• During circle time we like our co-opers to set up snack. If you finish setting up snack before circle is over, please join us on the rug. At the second circle, please warm up children’s lunches.
  • Bathroom time: assist children in the bathroom; ensure that the toilets are flushed and that the children wash their hands with soap.
  • After snack time and lunch time, please clean the tables with bleach and water solution. Sweep the floors and mop if needed. After lunchtime please put chairs on top of tables.

Suggestions for Working with Children

  • Respect the child as an individual. Be courteous to her, as you would be to anyone else.
  • Allow children to work out their own difficulties when possible, unless a child’s physical safety is at stake. If you feel hesitant, ask the Director or teacher for help.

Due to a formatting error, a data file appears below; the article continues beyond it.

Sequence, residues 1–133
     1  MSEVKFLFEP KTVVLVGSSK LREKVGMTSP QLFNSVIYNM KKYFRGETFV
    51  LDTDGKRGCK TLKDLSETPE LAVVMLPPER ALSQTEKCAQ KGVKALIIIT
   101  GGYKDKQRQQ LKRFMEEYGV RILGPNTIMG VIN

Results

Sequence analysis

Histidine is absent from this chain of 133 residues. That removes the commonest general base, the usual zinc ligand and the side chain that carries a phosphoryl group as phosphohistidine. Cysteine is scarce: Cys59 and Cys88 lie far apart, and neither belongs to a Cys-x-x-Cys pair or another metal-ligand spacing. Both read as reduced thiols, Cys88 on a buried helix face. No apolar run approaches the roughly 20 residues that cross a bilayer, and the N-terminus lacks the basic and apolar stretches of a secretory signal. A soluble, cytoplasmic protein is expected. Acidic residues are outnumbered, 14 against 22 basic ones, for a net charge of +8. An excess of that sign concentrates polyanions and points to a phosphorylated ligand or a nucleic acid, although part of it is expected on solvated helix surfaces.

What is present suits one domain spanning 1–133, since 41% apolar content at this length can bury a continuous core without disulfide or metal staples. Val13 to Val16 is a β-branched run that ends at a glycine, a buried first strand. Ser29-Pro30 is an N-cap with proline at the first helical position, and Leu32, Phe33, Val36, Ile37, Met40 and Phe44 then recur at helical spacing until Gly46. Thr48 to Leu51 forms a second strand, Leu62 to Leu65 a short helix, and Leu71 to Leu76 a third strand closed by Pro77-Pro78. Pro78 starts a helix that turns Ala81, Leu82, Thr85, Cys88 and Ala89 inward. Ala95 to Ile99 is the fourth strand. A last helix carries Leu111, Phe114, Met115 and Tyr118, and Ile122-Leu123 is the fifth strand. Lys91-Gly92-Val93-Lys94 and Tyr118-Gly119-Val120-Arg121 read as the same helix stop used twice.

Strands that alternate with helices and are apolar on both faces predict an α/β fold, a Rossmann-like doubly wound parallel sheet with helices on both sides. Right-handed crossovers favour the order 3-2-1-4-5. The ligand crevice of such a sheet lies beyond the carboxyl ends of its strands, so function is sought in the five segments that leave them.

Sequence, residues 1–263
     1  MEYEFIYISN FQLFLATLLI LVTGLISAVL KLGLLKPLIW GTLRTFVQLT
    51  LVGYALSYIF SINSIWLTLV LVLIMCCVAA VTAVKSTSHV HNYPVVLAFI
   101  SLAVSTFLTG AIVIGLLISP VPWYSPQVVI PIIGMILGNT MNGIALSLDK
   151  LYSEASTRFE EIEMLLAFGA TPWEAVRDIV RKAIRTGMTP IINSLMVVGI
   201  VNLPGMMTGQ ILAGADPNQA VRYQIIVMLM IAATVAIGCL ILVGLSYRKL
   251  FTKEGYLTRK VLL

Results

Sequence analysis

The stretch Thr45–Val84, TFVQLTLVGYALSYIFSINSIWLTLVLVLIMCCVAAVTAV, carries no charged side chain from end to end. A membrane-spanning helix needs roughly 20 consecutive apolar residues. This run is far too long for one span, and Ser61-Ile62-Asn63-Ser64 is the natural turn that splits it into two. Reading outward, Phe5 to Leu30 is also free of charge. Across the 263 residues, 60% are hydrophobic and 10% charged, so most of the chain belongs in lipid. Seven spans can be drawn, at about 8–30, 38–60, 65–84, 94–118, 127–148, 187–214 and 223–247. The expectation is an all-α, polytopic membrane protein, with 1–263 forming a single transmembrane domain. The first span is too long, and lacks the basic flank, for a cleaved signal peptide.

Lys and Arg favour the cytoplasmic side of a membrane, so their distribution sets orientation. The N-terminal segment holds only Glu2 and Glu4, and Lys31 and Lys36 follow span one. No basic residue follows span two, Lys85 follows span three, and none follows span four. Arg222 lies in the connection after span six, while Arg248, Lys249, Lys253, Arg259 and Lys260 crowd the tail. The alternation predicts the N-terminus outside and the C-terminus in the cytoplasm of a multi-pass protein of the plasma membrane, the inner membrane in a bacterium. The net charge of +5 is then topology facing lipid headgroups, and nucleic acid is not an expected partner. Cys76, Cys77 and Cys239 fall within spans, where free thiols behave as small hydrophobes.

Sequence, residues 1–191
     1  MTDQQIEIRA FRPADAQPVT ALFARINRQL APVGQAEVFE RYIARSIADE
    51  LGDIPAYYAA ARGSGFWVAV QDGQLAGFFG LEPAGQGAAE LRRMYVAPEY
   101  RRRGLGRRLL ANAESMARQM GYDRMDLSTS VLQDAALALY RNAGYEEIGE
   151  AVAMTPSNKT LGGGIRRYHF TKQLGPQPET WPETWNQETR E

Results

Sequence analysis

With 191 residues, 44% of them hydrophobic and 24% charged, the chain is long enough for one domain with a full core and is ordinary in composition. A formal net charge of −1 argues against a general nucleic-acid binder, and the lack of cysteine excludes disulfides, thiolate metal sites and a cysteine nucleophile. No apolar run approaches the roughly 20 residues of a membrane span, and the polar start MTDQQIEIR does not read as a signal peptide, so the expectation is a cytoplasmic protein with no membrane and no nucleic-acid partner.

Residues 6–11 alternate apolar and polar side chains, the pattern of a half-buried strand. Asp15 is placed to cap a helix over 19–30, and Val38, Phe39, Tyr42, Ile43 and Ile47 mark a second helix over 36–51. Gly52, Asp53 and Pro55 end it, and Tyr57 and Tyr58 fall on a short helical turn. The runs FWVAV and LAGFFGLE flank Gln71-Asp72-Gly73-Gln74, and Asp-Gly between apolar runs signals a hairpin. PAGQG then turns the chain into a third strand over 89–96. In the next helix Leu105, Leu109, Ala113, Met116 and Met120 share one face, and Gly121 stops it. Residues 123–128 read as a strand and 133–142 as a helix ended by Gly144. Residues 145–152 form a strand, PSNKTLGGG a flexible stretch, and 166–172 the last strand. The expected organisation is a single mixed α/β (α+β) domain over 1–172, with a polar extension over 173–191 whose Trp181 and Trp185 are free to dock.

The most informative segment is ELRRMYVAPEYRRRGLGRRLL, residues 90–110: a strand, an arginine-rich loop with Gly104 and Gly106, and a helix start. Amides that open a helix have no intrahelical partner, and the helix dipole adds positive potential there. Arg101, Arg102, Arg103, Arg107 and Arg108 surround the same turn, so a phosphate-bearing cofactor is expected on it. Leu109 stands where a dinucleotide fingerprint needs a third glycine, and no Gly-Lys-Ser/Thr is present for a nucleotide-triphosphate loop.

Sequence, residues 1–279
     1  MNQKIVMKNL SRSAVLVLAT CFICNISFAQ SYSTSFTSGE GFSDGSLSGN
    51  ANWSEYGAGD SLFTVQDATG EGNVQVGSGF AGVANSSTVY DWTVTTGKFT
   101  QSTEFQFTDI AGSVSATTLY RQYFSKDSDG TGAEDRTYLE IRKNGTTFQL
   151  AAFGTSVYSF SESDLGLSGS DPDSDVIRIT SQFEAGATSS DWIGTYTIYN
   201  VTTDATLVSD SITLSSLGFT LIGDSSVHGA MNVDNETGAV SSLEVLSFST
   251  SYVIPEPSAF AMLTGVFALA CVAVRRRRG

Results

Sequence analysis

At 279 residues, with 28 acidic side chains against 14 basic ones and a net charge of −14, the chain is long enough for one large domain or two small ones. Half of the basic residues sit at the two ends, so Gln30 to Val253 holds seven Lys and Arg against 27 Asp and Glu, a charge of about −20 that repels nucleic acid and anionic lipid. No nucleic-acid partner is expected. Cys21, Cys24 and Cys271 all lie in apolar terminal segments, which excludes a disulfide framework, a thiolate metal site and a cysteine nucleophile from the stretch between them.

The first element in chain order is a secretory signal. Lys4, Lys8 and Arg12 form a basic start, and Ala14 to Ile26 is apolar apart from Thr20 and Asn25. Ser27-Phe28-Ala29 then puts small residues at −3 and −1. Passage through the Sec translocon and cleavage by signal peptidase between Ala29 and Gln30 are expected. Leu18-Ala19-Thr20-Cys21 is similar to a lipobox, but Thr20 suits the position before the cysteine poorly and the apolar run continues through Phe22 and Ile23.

• When inside, sit down as much as possible so that you are not conspicuous: remain on the child’s level. Always sit facing the group for which you are responsible. Be sure you have a child’s attention before speaking to him. Do not call across the yard to a child.
  • Encourage independence in children. Allow and encourage as much free and creative activity as children can handle without possibility of frustration or danger. Remember that all activities are optional. If a child is struggling with a task, do not interfere unless you are sure he is becoming discouraged. Then help him only to the point where he can complete the task himself. Allow children choices whenever possible and let them make the decisions independently. Adults should stay in the background ready to help if necessary but allowing freedom.
  • Never leave a group, even for a few minutes, without telling an adult. Avoid visiting with other adults.